Frequently asked questions
How much stock will this recipe make?
It depends on the size of the chicken. Three to four pounds of bones will typically net four quarts of stock.
Do I need to roast the bones first?
If you’re using bones from meat that has NOT been cooked beforehand, it’s a good idea to roast the raw bones before making broth. Roasting the bones draws out impurities and carmelizes the bone marrow, giving your broth a richer flavor. Most of the time, the bones I use have been saved from a previously cooked chicken, so I don’t repeat this step.
Can I use turkey bones?
Yes! Turkey bones work just as well and I often save my leftover Thanksgiving turkey carcass for making turkey stock. However, if your turkey has been smoked, I would advise against it. The smokey flavor does get absorbed by the bones and it will affect the flavor of your broth.
Can I use frozen chicken bones and vegetables?
Yes. Remember, I throw all my leftover bones and vegetable scraps in the freezer until I’m ready to make my stock. You don’t even have the thaw the ingredients first. Just toss them in.
Can I cook this in a pressure cooker (not an Instant Pot)?
Yes. I often make my chicken in my stovetop pressure cooker. You get all the rich flavor in a fraction of the time. Put all the ingredients in the pressure cooker. Close the cover securely and bring the contents to a boil. Let the pressure cooker vent for 10 minutes, then cook at 15 pounds of pressure for 10 minutes. Remove the pot from the heat and let the pressure drop naturally. I recommend checking your manufacturer’s instructions beforehand. If their instructions differ from mine, follow theirs.
Can I eat the leftover vegetables instead of throwing them away?
Yes, the vegetables are safe to eat, but very soft at this point, so I usually toss them and the chicken bones in the trash. But if you have another idea, keep them by all means!
Can I reuse the bones for a second batch?
You can, but just like reusing tea leaves or coffee grounds, your stock will become weaker with each batch.
Can I use dried herbs instead of fresh?
Yes. However, dried herbs are more concentrated than fresh, so I would use half of the recommended amount. Start with one teaspoon of whatever herbs you are using. You can always add more if needed.
No. I like to be able to control the amount of salt in my cooking. Therefore, I prefer to season a finished dish.
Is two hours really long enough?
I’ve always cooked my broth anywhere from 2-3 hours. When conducting research for this post, I was surprised to find recipes that simmered stock for 4-24 hours. Two hours has always worked for me, but if you want to simmer your stock for longer, go right ahead.
Why does my stock look milky?
The milkiness is a result of impurities in the stock. The milky appearance won’t hurt you. But next time, make sure to always start with bones and cold water. Don’t bring the water to a boil and add the bones second. Don’t let the stock come to a hard boil, but keep it at a gentle simmer. And be sure to periodically skim any foam from the surface of the broth.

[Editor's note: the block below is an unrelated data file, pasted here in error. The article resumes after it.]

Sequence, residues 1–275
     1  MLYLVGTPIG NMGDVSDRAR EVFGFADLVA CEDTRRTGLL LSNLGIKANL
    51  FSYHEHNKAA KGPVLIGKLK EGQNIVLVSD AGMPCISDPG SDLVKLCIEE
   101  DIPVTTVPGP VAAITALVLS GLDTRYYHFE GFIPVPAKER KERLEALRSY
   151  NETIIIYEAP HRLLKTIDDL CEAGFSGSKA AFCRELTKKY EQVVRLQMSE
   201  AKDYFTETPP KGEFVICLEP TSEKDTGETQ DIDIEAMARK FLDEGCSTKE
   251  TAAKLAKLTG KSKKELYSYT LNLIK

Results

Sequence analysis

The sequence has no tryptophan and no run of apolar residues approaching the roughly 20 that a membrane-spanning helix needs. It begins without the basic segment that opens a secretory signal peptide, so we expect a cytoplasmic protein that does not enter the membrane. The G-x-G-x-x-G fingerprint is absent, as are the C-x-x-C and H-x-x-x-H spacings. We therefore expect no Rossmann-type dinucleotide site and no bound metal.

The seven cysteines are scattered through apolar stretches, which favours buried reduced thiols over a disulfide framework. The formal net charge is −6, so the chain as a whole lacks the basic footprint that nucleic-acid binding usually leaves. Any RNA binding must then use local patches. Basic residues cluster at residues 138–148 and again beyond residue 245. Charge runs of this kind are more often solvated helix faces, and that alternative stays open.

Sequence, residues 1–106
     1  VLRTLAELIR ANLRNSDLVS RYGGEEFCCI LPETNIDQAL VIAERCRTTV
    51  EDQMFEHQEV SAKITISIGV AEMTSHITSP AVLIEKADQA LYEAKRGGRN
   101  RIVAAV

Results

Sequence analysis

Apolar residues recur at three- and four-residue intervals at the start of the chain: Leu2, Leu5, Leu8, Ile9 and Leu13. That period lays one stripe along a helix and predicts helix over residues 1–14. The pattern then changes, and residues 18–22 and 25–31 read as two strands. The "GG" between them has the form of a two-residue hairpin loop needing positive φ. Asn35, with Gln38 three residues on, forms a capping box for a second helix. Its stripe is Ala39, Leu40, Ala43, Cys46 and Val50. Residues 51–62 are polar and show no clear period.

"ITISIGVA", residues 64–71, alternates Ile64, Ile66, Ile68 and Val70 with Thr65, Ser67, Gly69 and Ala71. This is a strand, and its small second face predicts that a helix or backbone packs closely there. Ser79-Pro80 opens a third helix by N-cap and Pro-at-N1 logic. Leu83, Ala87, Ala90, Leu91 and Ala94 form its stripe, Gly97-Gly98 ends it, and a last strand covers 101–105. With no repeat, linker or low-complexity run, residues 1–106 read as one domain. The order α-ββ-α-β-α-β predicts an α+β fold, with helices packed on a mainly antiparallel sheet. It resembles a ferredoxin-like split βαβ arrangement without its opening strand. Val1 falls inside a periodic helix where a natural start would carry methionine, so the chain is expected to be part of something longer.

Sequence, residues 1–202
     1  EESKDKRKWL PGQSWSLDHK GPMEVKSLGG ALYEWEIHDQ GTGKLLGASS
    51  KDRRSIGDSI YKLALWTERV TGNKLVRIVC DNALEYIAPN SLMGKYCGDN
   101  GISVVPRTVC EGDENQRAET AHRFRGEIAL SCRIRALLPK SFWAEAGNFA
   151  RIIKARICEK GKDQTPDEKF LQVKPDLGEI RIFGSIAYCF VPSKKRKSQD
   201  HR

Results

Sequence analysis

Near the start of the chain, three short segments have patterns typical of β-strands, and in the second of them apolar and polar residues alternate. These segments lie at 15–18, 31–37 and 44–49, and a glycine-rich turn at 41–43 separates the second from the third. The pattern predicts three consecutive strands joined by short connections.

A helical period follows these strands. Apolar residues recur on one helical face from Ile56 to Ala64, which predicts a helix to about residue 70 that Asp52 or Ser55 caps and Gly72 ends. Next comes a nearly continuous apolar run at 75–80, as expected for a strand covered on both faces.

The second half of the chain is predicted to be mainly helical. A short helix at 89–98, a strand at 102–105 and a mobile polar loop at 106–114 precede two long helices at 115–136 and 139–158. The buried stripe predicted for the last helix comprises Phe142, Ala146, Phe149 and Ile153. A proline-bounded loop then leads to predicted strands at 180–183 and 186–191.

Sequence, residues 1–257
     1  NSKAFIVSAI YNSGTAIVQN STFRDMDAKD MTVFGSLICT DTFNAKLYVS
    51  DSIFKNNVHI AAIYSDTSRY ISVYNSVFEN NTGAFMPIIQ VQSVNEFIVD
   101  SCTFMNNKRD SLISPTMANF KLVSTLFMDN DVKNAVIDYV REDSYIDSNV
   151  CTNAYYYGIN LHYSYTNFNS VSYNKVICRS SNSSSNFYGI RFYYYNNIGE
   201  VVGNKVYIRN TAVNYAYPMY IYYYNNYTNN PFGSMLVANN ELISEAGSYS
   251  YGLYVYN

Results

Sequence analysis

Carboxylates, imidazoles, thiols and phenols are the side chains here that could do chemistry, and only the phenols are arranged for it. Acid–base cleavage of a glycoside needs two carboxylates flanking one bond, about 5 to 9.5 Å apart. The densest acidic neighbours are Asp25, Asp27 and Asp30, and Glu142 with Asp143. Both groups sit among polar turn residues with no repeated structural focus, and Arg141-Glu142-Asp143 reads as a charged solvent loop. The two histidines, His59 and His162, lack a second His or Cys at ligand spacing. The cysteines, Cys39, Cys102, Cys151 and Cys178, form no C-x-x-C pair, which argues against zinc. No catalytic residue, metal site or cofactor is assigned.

Why did my stock turn to jelly?
This is not bad. Chicken bones contain collagen, which solidifies into gelatin when cooled. This usually occurs in stock cooked longer than four hours. There is nothing you need to do to remove it. It will melt and dissolve once reheated.
I made my stock and put it into quart jars to fit into the fridge. Can I put the cold jars in the pressure canner without warming it back to boiling again?
I don’t recommend doing this. Sudden, drastic changes in temperature can cause glass jars to shatter. You don’t have to bring the broth back to boiling, but you do need to warm the jars up before canning.
Ways to use homemade chicken stock
Homemade Chicken Stock
- 3 pounds chicken bones, as much skin removed as possible
- 2 whole carrots halved crossways
- 2 whole celery stalks cleaned and halved crossways
- 2 cloves garlic peeled
- 1 whole onion peeled and quartered
- 1 teaspoon whole black peppercorns
- 2 bay leaves
- 1 bundle fresh herbs thyme, rosemary, sage, oregano – whatever you have on hand
- Place the chicken bones in a large stockpot. Add enough cold water to completely cover the chicken by about 2 - 3 inches.
- Add the vegetables, peppercorns, bay leaves, and herbs. Cover the pot and bring the water to a boil over medium-high heat. Skim off any foam that forms.
- Reduce the heat to low and allow the stock to simmer for about 2-3 hours. Remove the pot from heat and allow it to cool.
- Remove the large solids.
- Pour the stock through a mesh sieve into another container. Discard any solids left behind.
- Allow the stock to sit in the refrigerator overnight. Remove and discard any hardened grease that has formed on the surface.
- Transfer the stock to air-tight containers with lids or freezer bags.